Malawi government says it will not arrest Sudan’s President Omar al-Bashir on an international war crimes warrant as demanded by Human Rights Watch, saying it will allow the Bashir to attend the regional trade summit in Lilongwe.
The New York-based group’s senior counsel on international justice, Elise Keppler, urged Malawi not to host Bashir and arrest him.
“Al-Bashir is an international fugitive wanted on charges of heinous crimes — including genocide — committed in Darfur. Malawi should arrest him, not host him,” he said.
But Deputy Foreign Minister Kondwani Nankhumwa said Malawi cannot effect an arrested to Bashir, stressing he will be a welcomed guest of President Bingu wa Mutharika.
“Malawi government will not arrest President Bashir. He is a free person in Malawi,” Nankhumwa said.
He said Mutharika administration will accord the fugitive leader all the protocols the head of state deserves at the meeting of the 19-member Common Market for Eastern and Southern Africa (Comesa) which opens on Friday.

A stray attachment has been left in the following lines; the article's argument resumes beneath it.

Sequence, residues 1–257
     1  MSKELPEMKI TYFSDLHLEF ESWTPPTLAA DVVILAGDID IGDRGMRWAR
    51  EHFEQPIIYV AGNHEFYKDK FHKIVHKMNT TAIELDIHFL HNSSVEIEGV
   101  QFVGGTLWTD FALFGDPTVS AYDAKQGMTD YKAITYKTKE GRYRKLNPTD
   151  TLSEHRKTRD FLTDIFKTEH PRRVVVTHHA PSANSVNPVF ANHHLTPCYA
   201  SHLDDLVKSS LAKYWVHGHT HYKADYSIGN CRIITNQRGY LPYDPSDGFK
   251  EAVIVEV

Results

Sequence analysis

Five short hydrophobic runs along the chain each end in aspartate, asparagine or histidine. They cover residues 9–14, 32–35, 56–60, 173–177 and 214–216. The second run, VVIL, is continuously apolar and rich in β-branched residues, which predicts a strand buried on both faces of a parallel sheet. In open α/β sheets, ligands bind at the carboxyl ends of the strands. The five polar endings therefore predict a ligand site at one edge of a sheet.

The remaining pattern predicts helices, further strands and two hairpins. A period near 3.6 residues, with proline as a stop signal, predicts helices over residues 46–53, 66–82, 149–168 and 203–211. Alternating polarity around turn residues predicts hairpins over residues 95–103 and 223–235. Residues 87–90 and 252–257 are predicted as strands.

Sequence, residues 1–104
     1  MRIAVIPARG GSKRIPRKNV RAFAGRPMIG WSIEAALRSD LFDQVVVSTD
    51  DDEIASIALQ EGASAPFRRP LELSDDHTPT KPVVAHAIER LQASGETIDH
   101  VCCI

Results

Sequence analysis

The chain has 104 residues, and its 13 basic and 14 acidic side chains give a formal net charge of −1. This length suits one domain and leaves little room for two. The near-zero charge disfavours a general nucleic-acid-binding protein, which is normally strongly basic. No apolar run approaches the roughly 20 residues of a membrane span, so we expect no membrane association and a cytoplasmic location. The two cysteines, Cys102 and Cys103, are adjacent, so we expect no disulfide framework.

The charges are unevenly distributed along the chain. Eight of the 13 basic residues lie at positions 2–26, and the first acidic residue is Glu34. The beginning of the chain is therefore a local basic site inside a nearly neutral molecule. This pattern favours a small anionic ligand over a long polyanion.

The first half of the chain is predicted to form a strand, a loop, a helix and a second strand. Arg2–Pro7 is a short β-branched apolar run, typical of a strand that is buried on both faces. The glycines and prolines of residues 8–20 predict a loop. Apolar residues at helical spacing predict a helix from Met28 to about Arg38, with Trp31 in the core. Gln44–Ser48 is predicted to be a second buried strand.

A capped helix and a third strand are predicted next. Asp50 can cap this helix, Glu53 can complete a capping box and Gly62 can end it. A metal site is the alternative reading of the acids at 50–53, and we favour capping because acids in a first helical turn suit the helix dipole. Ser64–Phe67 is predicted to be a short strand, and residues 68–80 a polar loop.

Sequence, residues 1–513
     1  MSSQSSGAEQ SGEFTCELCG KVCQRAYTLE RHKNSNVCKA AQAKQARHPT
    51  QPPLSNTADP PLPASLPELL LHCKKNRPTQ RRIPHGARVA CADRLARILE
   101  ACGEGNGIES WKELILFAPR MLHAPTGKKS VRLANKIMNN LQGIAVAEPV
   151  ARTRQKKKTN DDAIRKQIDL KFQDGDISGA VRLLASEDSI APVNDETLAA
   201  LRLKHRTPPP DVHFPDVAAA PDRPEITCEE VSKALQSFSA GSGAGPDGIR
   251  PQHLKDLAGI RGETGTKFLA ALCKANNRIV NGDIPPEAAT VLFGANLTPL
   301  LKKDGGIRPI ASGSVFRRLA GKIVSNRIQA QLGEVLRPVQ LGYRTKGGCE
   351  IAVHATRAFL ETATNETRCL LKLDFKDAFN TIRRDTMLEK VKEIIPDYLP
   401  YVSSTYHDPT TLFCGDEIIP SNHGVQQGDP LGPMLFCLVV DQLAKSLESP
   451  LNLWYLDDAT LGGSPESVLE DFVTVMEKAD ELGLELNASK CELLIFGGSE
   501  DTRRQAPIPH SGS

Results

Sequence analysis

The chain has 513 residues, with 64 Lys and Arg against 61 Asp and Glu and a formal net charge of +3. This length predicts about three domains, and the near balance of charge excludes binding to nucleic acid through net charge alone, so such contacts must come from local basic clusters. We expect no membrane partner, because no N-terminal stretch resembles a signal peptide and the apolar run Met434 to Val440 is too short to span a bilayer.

The ICC issued an arrest warrant last year for Bashir on charges of orchestrating genocide. crimes against humanity and war crimes in Sudan’s troubled Darfur region, where as many as 300,000 people have died since 2003.
Malawi has ratified the Rome Statute, the ICC’s founding document, which obliges the country to arrest him if al-Bashir enters the country.
President Mutharika, himself also accused of orchestrating crimes against humanity, said in March that African leaders should not be dragged to ICC for crimes committed in Africa, preferring local jurisdiction.